Apparently unknown to the initiators and protagonists of the African Continental Free Trade Agreement (AfCFTA), one of the greatest threats to that fledgling economic initiative is the depth and dimensions or ramifications of entrenched xenophobia within the continent; a bizarre situation in which citizens of certain African countries hate and (physically) attack fellow Africans (from other countries) residing in their domains. Even with the pomp that has marked the founding of the continental body that is expected to facilitate the broadening and deepening of intra-African trade, the fundamental issue of “free movement of persons” among the member-countries is yet unresolved.
Authors of the AfCFTA believe it has created a $3.5 trillion “borderless market” of about 1.3 billion people, not minding the antagonistic and ‘colonialism-induced’ internecine hatred among African peoples; a status quo that has been entrenched and sustained till date. But it is pertinent to explore some of the ideals that form the substratum of the continental body that effectively came into existence in January 2021 when 54 out of the 55 African countries signed their consent instruments – only Eritrea is yet to belong. Part of the lofty ideals is vividly captured in the ‘Economic Development in Africa Report 2021’ published by the United Nations Conference on Trade and Development (UNCTAD). Titled: ‘Reaping the Potential Benefits of the African Continental Free Trade Area (AfCFTA) for Inclusive Growth’, the Report says: “The design of the Agreement establishing the AfCFTA reflects an explicit commitment to create a framework for deeper socioeconomic integration and improved cooperation that enables trade, investment and the mobility of people, to support industrialization and the development of a dynamic services sector.”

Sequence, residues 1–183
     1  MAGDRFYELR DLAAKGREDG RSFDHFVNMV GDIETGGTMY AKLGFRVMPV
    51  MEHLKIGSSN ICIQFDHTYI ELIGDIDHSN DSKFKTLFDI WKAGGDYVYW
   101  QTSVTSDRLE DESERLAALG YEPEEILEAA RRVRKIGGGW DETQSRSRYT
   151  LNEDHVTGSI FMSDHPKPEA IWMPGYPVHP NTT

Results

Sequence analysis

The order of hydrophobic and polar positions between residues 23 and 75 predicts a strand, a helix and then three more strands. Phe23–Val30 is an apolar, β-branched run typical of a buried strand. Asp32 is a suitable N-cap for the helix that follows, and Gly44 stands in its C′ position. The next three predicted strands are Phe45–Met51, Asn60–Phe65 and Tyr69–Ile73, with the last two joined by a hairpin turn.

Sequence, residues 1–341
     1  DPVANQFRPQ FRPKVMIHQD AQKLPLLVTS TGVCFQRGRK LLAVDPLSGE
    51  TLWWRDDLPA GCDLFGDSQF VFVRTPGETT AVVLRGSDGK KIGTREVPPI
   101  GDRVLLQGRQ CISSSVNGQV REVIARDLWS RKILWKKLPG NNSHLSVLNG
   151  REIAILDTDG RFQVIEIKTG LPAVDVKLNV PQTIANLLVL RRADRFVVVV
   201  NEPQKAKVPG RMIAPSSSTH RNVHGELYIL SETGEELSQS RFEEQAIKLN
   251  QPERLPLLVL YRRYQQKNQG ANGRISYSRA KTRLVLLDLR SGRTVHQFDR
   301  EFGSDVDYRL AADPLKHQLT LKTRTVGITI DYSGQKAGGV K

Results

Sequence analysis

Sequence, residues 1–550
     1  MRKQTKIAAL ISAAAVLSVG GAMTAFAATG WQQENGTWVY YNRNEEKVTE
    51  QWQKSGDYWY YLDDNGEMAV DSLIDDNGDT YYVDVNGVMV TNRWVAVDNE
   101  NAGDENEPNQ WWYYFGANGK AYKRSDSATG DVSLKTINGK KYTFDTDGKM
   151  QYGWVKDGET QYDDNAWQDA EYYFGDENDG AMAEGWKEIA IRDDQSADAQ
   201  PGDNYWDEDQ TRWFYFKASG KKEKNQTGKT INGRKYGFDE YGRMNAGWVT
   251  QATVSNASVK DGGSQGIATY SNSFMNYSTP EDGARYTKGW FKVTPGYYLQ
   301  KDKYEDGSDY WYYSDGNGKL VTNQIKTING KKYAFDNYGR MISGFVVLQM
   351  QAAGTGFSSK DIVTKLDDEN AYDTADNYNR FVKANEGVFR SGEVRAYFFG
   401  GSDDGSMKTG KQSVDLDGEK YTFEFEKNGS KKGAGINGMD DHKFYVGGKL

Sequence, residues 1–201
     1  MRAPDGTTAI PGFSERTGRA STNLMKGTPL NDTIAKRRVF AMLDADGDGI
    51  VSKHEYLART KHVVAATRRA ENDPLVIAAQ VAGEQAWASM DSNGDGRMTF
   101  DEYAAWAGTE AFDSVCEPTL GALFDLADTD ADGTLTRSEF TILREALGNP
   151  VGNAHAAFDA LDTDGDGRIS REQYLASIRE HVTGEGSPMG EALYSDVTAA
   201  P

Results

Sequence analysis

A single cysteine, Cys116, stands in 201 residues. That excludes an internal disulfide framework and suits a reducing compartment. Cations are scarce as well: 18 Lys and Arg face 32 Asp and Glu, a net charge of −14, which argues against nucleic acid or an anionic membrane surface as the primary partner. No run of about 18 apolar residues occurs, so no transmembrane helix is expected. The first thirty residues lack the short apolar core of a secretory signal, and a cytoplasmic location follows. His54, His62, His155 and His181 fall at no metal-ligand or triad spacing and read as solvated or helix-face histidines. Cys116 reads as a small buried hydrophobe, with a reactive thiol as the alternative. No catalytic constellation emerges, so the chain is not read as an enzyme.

As of December 2021, Rebeca Grynspan, the Secretary-General of UNCTAD said “intra-African trade is currently low at 14.4 percent of total African exports. UNCTAD estimates that the AfCFTA could boost intra-African trade by about 33 percent and cut the continent’s trade deficit by 51 percent.” But confronting these great expectations are mammoth obstacles, including existing tariffs and non-tariff hurdles that are yet to be dismantled by many of the member-countries. However, by far, the most potent of the ‘barriers’ to the attainment of the otherwise noble goals of the AfCFTA is the ‘human factor’; and which is why till date, the basic objective of “mobility of people” within the continent is yet to be achieved. Indeed, more than ever before, primordial centrifugal forces tugging at the unity of the continent have been at play. Member-countries are rather coming up with more ‘protectionist’ and ‘nationalistic’ policies that tend to stand as counterpoise to the intendments of the continental body.
Although AfCFTA took off officially with its headquarters in Accra, Ghana, about 21 months ago, cleavages, allegiances and alliances amongst African countries along colonial lines tend to be getting stronger. In West Africa, for instance, it is still fashionable to strengthen bilateral relations along ‘Anglophone’ or ‘Francophone’ lines than any other socioeconomic consideration. This, more than anything else, has stood against the cohesiveness and attainment of the core economic objectives of the Economic Community of West African States (ECOWAS) — a body that was founded some 47 years ago. It was this primordial divisive tendency that ‘boiled over’ in 2020, when Francophone ECOWAS members, led by their ‘Colonial Master’—France—‘conspired’ to ‘hijack’ the ‘Eco’— the common currency of the sub-region that has been in the making for about three decades. Obviously, the French President, Emmanuel Macron-led ‘currency union’ initiative was to tie these (Francophone) countries more closely to France than to their African (or West African) neighbours.